Palm still very strong in US retail arena

But Sony is closing in fast


The Palm OS continues to command the lion's share of the PDA market, at least as far as the US retail sector goes. The platform accounted for 82.5 per cent of the handhelds sold online and in stores during August, while PocketPC took 13 per cent of the market, according to the latest numbers from NPD Intelect.

Overall, the retail PDA market grew 10.4 per cent during August, the company reports. Not a bad sign, that, given the state of the economy, but in August, consumer spending was still high, thanks to falling interest rates and Dubya's tax rebate.

With US consumer spending falling 2.4 per cent last month, in the wake of the events of 11 September, don't expect that level of growth to continue.

Palm's lead was maintained in August, but its overall marketshare fell, gobbled up by the rising star of the PDA market, Sony. Palm took 51.2 per cent of the market, based on the number of machines it sold. Handspring came second with 19.5 per cent and Sony third with 10.4 per cent.

This time last year Sony had zero marketshare. Handspring has grown just a few percentage points during the same period, so it needs to watch Sony's rise probably more than Palm does.

Indeed, with brandname proving the biggest draw for consumers during August, Sony is in a very good position to grow its marketshare over the coming quarters, possibly even eclipsing Palm itself.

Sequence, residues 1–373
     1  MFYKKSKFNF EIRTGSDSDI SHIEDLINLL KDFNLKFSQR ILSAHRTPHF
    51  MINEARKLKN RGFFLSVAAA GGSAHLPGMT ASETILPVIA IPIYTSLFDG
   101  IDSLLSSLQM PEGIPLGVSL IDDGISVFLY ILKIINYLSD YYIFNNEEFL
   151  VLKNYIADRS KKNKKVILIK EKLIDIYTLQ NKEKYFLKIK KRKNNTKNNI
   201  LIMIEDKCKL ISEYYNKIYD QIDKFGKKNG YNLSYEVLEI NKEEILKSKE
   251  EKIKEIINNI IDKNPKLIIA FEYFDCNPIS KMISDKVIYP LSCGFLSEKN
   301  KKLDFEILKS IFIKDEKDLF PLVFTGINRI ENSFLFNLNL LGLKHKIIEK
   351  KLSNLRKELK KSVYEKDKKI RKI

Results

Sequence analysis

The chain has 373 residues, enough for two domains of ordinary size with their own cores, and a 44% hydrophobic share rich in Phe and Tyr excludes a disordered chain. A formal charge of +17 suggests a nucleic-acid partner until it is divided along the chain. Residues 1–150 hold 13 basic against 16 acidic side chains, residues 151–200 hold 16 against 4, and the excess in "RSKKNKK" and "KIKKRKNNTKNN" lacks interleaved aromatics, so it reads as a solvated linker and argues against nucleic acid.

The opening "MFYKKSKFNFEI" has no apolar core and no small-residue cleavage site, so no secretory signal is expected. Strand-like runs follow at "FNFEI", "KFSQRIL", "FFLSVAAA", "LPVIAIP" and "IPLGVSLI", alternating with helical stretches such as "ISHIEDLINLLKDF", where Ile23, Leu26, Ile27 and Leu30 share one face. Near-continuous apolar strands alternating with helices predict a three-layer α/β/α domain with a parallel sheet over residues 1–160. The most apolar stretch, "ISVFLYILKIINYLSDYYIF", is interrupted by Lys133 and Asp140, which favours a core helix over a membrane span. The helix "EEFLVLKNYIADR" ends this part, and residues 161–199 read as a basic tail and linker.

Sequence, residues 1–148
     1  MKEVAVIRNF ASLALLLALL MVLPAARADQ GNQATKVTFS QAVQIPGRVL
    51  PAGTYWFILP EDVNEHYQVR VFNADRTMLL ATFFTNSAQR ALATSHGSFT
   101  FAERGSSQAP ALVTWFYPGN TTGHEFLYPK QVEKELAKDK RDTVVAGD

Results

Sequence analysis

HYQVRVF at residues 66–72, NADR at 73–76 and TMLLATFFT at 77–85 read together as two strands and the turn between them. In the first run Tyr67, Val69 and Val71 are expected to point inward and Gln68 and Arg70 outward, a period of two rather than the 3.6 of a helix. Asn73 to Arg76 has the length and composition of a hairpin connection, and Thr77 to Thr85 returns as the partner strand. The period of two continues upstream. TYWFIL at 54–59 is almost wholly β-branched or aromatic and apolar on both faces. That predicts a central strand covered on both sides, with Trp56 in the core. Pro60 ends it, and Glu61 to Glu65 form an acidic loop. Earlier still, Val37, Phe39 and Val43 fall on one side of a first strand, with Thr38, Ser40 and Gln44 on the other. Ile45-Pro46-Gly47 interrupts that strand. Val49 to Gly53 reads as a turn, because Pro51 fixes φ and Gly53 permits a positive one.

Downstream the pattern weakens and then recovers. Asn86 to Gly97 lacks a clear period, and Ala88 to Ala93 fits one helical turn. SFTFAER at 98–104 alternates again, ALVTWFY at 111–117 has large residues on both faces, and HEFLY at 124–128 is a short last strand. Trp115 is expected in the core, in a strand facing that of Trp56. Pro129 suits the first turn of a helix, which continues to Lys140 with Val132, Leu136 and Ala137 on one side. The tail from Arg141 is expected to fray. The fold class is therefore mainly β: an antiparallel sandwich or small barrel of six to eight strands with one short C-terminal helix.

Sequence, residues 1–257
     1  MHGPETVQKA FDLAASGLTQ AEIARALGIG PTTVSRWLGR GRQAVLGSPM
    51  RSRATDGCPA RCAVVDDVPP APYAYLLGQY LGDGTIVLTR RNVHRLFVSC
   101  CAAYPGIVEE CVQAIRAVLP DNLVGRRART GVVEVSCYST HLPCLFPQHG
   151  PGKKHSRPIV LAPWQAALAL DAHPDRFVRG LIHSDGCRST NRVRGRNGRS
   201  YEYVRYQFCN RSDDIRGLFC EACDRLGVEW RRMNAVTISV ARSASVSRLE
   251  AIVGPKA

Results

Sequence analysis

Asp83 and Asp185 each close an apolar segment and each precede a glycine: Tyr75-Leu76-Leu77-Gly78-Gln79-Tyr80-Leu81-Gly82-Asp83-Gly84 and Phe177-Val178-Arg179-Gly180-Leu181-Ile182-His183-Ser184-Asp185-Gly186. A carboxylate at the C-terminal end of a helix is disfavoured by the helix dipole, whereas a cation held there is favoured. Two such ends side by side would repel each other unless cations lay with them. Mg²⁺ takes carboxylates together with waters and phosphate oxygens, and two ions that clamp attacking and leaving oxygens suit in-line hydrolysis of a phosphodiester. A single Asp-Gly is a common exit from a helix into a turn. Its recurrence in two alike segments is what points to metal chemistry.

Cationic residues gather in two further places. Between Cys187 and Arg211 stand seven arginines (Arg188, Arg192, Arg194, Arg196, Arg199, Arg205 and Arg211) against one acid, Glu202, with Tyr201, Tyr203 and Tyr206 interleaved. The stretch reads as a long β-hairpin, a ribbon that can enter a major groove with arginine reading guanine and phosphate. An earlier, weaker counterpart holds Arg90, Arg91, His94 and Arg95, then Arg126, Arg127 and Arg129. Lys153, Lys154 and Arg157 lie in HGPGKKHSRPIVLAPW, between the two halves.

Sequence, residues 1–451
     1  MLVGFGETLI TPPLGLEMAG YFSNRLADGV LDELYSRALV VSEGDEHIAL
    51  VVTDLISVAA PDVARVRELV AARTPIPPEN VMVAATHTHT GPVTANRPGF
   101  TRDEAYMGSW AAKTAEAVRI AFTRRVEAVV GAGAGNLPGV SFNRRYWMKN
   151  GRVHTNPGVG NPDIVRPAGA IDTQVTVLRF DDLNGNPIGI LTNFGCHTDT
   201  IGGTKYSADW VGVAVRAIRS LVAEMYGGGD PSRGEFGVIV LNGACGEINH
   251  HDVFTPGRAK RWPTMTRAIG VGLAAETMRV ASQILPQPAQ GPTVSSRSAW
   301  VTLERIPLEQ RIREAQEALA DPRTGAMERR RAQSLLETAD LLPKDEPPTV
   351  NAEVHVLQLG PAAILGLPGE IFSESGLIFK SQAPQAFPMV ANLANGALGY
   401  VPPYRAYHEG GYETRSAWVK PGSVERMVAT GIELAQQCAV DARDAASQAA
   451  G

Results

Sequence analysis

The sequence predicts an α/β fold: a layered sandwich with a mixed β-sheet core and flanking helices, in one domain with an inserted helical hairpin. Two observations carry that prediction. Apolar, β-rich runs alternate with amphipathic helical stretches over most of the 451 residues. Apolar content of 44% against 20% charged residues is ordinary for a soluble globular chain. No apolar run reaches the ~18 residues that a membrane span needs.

Around 31 per cent of the buyers NPD Intelect surveyed said they'd chosen which PDA to buy on the basis of its brand. Possessing the latest technology and the features offered, drove just 19.5 per cent and 12.9 per cent of buyers, respectively. Only ten per cent were primarily driven by cost - good news (again) for Sony, whose PDAs are among the more expensive.

Meanwhile, PocketPC players Compaq and Casio both accounted for 8.3 per cent of the market and 4.3 per cent, respectively, showing the success of the iPaq - in the retail space at least - is, like Sony, coming at the expense of rival Windows CE players rather than rival platforms.

However, the relatively high price of the iPaq - plus the price-fighting in the Palm OS arena - drove down Palm OS' share of the market by value to 78.4 per cent. The average price of a Palm device fell 12 per cent, to $242. Handsprings typically went for $197 and Sonys $275. The average Compaq cost $418. ®


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